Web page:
North Carolina progressives have earned a good deal of deserved praise at the national level over the last year or so for their spirited resistance to the conservative political takeover that has afflicted our state. Let’s hope that resistance continues.
That said; there’s clearly a need for more than just saying “no” to the right. But how? Is there a way to get ahead of the current stampede to the right and start winning back some of what we have lost, as well as change the terms of the debate over the future of North Carolina? Moreover, what might our positive platform look like for the 2015 and beyond? And how can we be more unified in action?
Here are a few broad brush suggestions from a veteran observer:
#1 – We mustn’t live up to right-wing stereotypes – The far right loves to typecast progressives as “anti-Americans” and dour pessimists who’ve never met an environmental regulation, social spending program or foreign critic that they didn’t like.
While these criticisms are over-the-top, one must admit that they can be progressive tendencies at times. If we want to drive policies in a dramatically different direction, we must be affirmative and confident reformers – what one-time progressive icon Hubert Humphrey termed “happy warriors.”
And there is good reason for optimism; the American political pendulum has tended to swing back and forth regularly. Conservatives have long understood this. Progressives should pay heed.
#2 – We must be competent managers and honestly confront policies and programs that fail – Our commitment to real reform must be in the name of a kind of 21st century governance that is more transparent, accountable, cost-effective and customer sensitive. This means zero tolerance for fiascos like the Obamacare rollout and recent V.A. hospital mess. “Reinventing government” requires lots of innovative rethinking; good intentions and money can only take you so far.
Fortunately, there are precedents to build on, from Hawaii to Maine. Modern information technologies offer great hope for modernizing service design and delivery and banishing unnecessary bureaucracy. If progressives handle this challenge right, America’s mixed economy – public, private and nonprofit – will continue grow, interact and thrive and the unique roles of each sector will be clearer and much more comparable in terms of management talent.
#3 – We cannot be seen merely as “bleeding hearts” – We must stand for more than just taking the rough edges off modern capitalism and reacting to the woes that many people endure, due to events beyond their control. Conservatives are right that wealth and income redistribution will only take us so far. Development and growth make the largest impact on living standards over time.
Given that fact, our platform must be more investment-focused. We must be idealistic and realistic. Obviously, progressives have credibility in the education, training, and infrastructure fields, but we need to broaden our base to reach out to elements of the business community too.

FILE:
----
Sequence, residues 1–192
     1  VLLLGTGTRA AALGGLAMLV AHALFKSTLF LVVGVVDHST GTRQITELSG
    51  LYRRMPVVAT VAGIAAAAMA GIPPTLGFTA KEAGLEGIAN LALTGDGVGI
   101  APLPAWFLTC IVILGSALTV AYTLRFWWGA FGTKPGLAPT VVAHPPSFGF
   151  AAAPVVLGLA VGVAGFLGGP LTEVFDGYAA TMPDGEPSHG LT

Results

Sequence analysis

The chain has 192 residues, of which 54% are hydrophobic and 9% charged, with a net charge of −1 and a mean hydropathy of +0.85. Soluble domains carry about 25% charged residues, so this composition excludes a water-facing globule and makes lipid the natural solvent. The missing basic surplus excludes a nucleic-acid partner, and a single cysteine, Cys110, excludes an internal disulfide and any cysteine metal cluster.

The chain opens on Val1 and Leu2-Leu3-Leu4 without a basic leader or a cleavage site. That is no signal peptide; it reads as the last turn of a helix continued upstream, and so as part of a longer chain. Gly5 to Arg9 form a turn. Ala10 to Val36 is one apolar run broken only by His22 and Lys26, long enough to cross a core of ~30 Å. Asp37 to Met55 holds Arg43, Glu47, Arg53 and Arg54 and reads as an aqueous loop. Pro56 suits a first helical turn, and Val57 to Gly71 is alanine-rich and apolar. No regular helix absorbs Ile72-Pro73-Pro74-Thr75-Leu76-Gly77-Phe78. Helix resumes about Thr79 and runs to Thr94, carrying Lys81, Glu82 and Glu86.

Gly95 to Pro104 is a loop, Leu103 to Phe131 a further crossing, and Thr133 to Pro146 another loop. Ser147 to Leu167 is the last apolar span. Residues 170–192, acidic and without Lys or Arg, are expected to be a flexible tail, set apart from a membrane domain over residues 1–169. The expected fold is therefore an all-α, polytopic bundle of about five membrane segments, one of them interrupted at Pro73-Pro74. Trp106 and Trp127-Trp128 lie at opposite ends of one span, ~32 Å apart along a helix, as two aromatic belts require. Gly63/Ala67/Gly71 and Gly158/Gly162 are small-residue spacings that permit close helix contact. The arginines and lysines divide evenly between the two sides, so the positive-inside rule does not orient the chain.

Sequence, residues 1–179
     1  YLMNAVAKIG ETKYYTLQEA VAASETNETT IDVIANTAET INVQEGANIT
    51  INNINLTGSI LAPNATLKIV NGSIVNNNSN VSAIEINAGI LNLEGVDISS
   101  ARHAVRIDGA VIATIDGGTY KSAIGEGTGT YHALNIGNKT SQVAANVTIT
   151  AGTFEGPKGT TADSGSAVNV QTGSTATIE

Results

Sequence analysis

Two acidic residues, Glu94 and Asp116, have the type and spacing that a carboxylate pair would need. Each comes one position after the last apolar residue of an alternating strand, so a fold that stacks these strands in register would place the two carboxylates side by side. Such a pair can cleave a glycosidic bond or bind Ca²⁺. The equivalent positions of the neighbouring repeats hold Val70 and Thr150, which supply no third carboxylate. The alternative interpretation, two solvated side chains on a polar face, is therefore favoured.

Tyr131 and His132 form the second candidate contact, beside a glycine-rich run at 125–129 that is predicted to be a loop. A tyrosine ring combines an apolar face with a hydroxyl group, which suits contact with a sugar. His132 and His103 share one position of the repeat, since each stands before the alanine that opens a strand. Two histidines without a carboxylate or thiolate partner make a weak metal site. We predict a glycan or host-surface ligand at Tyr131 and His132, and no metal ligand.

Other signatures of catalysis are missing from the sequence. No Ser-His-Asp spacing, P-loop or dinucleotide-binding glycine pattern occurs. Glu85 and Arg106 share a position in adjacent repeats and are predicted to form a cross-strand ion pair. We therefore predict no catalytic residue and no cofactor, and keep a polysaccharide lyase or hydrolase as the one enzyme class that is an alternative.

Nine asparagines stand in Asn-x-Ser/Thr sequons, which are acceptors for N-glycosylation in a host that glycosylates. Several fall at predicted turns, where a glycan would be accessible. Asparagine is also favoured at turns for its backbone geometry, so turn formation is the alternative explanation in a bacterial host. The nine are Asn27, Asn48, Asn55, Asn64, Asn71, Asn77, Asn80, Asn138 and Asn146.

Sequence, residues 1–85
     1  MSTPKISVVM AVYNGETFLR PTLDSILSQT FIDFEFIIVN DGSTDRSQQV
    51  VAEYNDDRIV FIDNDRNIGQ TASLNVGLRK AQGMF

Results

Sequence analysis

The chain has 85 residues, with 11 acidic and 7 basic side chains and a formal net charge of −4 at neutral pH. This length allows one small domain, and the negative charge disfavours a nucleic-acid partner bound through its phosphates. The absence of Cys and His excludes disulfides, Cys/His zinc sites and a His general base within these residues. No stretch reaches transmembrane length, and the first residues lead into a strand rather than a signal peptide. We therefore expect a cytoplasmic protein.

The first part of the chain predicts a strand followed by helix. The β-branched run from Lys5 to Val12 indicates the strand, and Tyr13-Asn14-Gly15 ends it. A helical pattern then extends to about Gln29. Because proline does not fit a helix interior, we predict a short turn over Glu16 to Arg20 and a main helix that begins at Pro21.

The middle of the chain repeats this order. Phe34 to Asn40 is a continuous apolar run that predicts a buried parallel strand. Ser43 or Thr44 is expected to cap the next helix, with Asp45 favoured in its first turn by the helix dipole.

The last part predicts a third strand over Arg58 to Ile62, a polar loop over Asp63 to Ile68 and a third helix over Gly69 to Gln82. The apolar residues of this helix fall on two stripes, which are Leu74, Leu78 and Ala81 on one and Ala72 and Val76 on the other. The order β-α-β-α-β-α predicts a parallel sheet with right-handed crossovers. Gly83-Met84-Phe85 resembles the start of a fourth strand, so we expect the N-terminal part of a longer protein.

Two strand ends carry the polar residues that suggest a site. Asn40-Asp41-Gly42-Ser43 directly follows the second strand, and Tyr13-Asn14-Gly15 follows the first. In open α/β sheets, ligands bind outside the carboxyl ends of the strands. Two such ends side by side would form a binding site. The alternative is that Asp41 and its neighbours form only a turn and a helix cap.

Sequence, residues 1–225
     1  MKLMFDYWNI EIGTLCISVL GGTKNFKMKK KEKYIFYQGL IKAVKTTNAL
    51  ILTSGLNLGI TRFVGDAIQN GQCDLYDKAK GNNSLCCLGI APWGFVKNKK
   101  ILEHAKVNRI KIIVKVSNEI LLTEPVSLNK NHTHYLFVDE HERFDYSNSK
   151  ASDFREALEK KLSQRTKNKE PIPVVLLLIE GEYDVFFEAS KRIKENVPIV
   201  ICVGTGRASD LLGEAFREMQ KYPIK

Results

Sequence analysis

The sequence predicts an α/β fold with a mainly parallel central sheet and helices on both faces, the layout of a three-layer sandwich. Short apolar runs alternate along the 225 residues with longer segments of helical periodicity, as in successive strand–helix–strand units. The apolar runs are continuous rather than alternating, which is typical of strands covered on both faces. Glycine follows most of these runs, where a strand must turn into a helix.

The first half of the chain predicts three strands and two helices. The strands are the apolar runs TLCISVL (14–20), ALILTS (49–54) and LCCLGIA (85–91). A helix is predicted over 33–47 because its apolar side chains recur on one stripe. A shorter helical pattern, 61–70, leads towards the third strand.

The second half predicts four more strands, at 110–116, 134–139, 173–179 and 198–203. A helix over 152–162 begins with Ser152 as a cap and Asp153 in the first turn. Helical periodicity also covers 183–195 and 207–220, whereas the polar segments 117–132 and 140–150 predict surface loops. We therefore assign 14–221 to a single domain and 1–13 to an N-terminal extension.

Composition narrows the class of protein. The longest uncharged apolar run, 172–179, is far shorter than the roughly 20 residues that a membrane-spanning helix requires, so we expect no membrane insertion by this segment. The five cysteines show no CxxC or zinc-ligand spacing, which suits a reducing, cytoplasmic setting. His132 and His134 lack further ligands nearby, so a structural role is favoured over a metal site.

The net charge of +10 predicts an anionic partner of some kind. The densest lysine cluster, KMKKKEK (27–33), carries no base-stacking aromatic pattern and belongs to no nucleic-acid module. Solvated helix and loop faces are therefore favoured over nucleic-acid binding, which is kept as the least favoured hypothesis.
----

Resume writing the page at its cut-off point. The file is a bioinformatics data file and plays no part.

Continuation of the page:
Investment is the most important source of economic development and growth, job creation, product development, transformation and evolution, productivity, competition, and sustainability. Progressives must not fight economic development but rather work to ennoble it. By championing smart investment, greater economic equality and more environmentally compatible development, progressives bring out the best in the market economy.
#4 – We must be realistic about business incentives – Given the fierce competition among the states for more capital investment and the continual development of new subsidies, terminating or even significantly curbing the use and cost of locational incentives will be close to impossible. Progressive should however continue to can crank up the heat by loudly demanding vastly more transparency and fiscal accountability.
We must also promote “people-based” incentives that help “lift all boats.” Right now, North Carolina is losing too many good jobs and creating too many poorly paying jobs. We need to become the state known for its innovative ways of sharing in its wealth generation.
This means promoting sometimes “out-of-the-box” ideas like “gain sharing,” profit sharing and employee ownership.
#5 – We must look for new ways to package good ideas to resistant and fearful audiences. Charles Montgomery’s new book, “Happy City: Transforming Our Lives Through Urban Design” offers some helpful suggestions in this realm. He links the problems caused by urban sprawl and auto use with the emerging science of happiness. The surprising message of the book is that long commuting times, land use separation, uneven development, etc. are harming cites fiscally, undermining our middle class families, social capital and communities, while costing us more energy every year. Montgomery’s conclusion: “The happy city, the green city, and the low-carbon city are the same place, and we can all help build it.”
Can progressives pull this off? Can they advance an agenda that promotes both compassion and sustainable prosperity? If they want to halt the state’s rapid slide to the right, it may their best hope for success.
Bill Schweke is a retired public policy professional.